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Take a look back at the top research discoveries and campus developments of 2013, as well as the world-leading experts who have helped tackle some of the major global issues hitting the headlines this year.
January – what does 2020 hold? Metropolitan Police Commissioner, Sir Bernard Hogan-Howe, opened the University’s public lectures series, which addressed issues of security and conflict in the 21st century. Hosted at St George’s Hall, the Commissioner warned about the on-going risk of terrorism.
Sir Bernard Hogan-Howe said: “Terrorism remains a rare occurrence, but the cost remains high. We must remain vigilant, remain on our guard and not relax just because recent attempted attacks in the UK have not been successful.”
February – the lost continent
Liverpool scientists announced the discovery of a lost continent that was submerged by the Indian Ocean up to 85 million years ago. The research team used satellite imagery and analysis of sand samples to identify the landmass which they named Mauritia.
March – London campus
The University announced the opening of a new London campus which will enable more students to benefit from studying at a Russell Group university while in the heart of the capital’s financial district. Programmes will initially be offered in architecture, accountancy, psychology and public health, benefiting from accreditation with key professional bodies.
April – better births
Improving pregnancy and childbirth is the mission for the Centre for Better Births which opened in April. In partnership with Liverpool Women’s Hospital the University will find solutions to problems such as premature labour, stillborn babies, emergency caesareans, infertility and miscarriage.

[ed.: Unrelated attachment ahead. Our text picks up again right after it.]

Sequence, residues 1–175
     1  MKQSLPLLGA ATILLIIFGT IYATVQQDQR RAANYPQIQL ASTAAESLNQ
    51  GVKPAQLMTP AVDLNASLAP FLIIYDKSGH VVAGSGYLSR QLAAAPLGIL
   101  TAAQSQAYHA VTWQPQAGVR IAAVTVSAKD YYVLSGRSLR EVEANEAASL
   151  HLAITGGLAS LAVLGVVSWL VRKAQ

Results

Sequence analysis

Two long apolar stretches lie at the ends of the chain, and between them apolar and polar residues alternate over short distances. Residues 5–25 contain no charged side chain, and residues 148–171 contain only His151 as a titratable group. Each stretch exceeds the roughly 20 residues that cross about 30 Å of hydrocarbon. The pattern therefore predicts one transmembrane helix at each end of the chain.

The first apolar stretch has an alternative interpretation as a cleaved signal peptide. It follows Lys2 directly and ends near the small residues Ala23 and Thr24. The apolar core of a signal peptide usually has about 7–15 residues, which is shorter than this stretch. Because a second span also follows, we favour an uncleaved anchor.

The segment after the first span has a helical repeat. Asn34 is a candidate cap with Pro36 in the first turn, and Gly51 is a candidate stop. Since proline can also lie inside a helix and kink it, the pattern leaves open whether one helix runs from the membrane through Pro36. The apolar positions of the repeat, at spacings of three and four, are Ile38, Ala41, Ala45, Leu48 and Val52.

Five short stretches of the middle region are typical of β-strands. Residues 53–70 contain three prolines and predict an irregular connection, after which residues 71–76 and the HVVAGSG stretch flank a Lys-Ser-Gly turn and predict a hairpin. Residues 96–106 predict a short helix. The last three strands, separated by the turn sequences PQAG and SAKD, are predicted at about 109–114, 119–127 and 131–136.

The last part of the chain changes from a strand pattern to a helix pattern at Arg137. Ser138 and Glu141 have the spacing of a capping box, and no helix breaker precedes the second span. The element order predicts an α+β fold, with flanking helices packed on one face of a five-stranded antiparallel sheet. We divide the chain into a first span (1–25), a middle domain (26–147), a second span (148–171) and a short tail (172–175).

May – fish on the brain
A report on how fish oil could slow the effects of junk food on the brain made the headlines in May. Dr Lucy Pickavance, from the University’s Institute of Ageing and Chronic Disease found that oils high in omega-3 can play a significant role in slowing how fat and sugar inhibit the brain’s control of food intake.
June – animal endurance
Staying with a marine theme, research in June showed how champion animal divers such as sperm whales have evolved to stay underwater for so long. You can watch a video and find out more about the study from the University’s Institute of Integrative Biology here.
July – summer celebrations
Scorching weather made this year’s graduation an event to be remembered. Thousands of students and their guests attended ceremonies at the Liverpool Philharmonic Hall to celebrate the culmination of their hard work. A gallery of photos from the day can be viewed here.
August – gangsters’ paradise
New research revealed how Glasgow was plagued by gangs in the 1930s which deliberately modelled themselves on US gangsters from the movies. Dr Andrew Davies, from the University’s Department of History, searched police files, legal records and thousands of press reports to investigate the realities behind Glasgow’s reputation as the ‘Chicago of Britain’.
September – home form not getting results
The University’s Management School released findings from a study into ‘home grown’ player rules in football. The effects of the rules, which apply to Champions League games, are minimal, with only a limited improvement to the competitiveness of the championship – especially from the quarter finals onwards.
October – vets on TV
The University’s School of Veterinary Science was the subject of a new TV series: Ben Fogle’s Animal Clinic. The show follows the work of the University’s specialist vets as they work on complex cases for zoos, farms and pet owners, all based at the advanced facilities on the Leahurst Campus and in the city centre.
November – what causes stress and anxiety
Professor Peter Kinderman revealed the results of his study with the BBC to find out about the causes and consequences of stress. His analysis of over 32,000 online responses to the BBC’s Stress Test found that whilst traumatic life events, how a people think about these events contributes most to the levels of stress and anxiety a person suffered.
December – magnetic space mission
If your Christmas present is a satnav you’ll have reason to thank a Liverpool scientist who’s working on a new European space mission. Dr Richard Holmes is leading a team to map the Earth’s geomagnetic field in unprecedented detail, which will deliver improvements to navigation, cartography and prospecting for minerals.
The University will close at the end of the working day on Friday 20 December 2013 and reopen on Thursday 2 January 2014, however some services such as the libraries, and computer services will run a reduced service.
If you’re celebrating Christmas and New Year, we wish you a very enjoyable break.
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